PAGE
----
Source: Socialist Standard, October 1926.
Transcription: Socialist Party of Great Britain.
HTML Markup: Adam Buick
Public Domain: Marxists Internet Archive (2008). You may freely copy, distribute, display and perform this work; as well as make derivative and commercial works. Please credit “Marxists Internet Archive” as your source.
Materialism or Spiritualism?
by Isabel Kingsley
If a political Party continuously changes its policy and programme, follows one “stunt” after another, and advocates sensational measures of various kinds at different times for the purpose of attracting crowds of various mentalities to its ranks, it must not be surprised if it sometimes reaps a result such methods deserve.
The pamphlet before us is a case in point. Its authoress, attracted by the wild and whirling phrases of the Communist Party, joined that organisation, and then tried to spread her peculiar views inside its ranks. As the Communist Party is ready to support almost any view on particular occasions, this idea of the authoress had considerable justification. But the Party Executive, who make no fetish of logic, forbade such action, and so the pamphlet was published outside in an endeavour to reach the members inside.
Whether such a thing of shreds and patches, with its curious collection of freaks, as the Communist Party, can be said to have any basis beyond the job-hunting schemes of its leaders, and the money from Russia is a moot point.
Throughout the pamphlet there are numerous totally unsupported assertions and claims of the authoress that would take a volume to refute in detail. One or two examples may be taken. On page 7 we are told that “the middle of the eighteenth century saw the rise of Materialism,” a statement that A. Lange, the standard historian of Materialism, flatly contradicts. We read on page 9 that a new science called “Metapsychics” has been discovered, and it is described by Richet in an unreferenced quotation as follows :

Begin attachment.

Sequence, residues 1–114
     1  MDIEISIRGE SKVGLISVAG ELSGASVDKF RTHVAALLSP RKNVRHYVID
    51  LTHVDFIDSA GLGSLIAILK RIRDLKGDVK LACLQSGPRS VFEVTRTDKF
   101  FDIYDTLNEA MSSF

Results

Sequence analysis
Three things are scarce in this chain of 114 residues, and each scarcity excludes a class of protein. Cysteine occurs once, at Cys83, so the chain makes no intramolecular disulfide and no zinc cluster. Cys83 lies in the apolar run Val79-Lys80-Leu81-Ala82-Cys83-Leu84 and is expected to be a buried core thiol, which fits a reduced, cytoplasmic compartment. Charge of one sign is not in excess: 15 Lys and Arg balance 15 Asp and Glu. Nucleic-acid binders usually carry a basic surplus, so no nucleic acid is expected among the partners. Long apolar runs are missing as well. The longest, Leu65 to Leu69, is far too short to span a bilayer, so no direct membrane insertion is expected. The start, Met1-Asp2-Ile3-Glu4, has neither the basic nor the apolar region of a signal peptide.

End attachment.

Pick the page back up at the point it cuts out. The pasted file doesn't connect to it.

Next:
“Metapsychic facts are marked off from the physical in that they seem due to an unknown intelligence,” What a convenient “science”? The “facts” (themselves in dispute) seem to be due to an unknown intelligence ! Perhaps the gem of these baseless assertions is given on page 26, where we are told :
“Mind has healed broken bones, spinal curvature, and gangrenous wounds, in many cases instantaneously and after every recognised method of treatment had failed.”
Still Couè died. But the unkindest cut to the Communists is given on page 44, where one reads : “Between present-day Spiritism and Communism there is a striking general analogy” We have never said anything quite so cruel as that.
Another feature of the pamphlet is the large number of statements placed between quotation marks, as if taken from various writers, though references are only given in two or three cases. There is a certain wisdom in this omission as we shall show presently.
A criticism of Materialism, sooner or later, means falling foul of Marx, Engels, Morgan, etc., and the Materialist conception of history, and Isabel Kingsley is not long before she begins her attack. On page 13 she asserts : “Never was there a less scientific mind than that of Marx, nor a less scientific book than Capital. “ The authoress’ mental inability to understand anything scientific is shown on the same page, when she says that the new idea brought into political economy by Marx was “the equivalence between Capital and Labour” ! Students of Marx will smile at this grotesque nonsense, as well as at the further statement on the same page, that Marx’s explanation of value “is not a scientific deduction; it is an ideal of social ethics, a new moral ideal.”
As if to make the proof of her ignorance of economics and Marx overwhelming, she follows the above statement with this :
“While the classical economists regard the labourer as only one means of production, in the Marxian theory he is the sole creator of value.”
The most elementary student of economics can see at a glance that the two phrases of this sentence have no direct connection with each other. In addition, it implies a misrepresentation of Marx, because, as it is written, it infers that Marx said there was only one means of production, the labourer, a statement that is specifically refuted on page 10 of Capital. (Sonnenschein. ED.)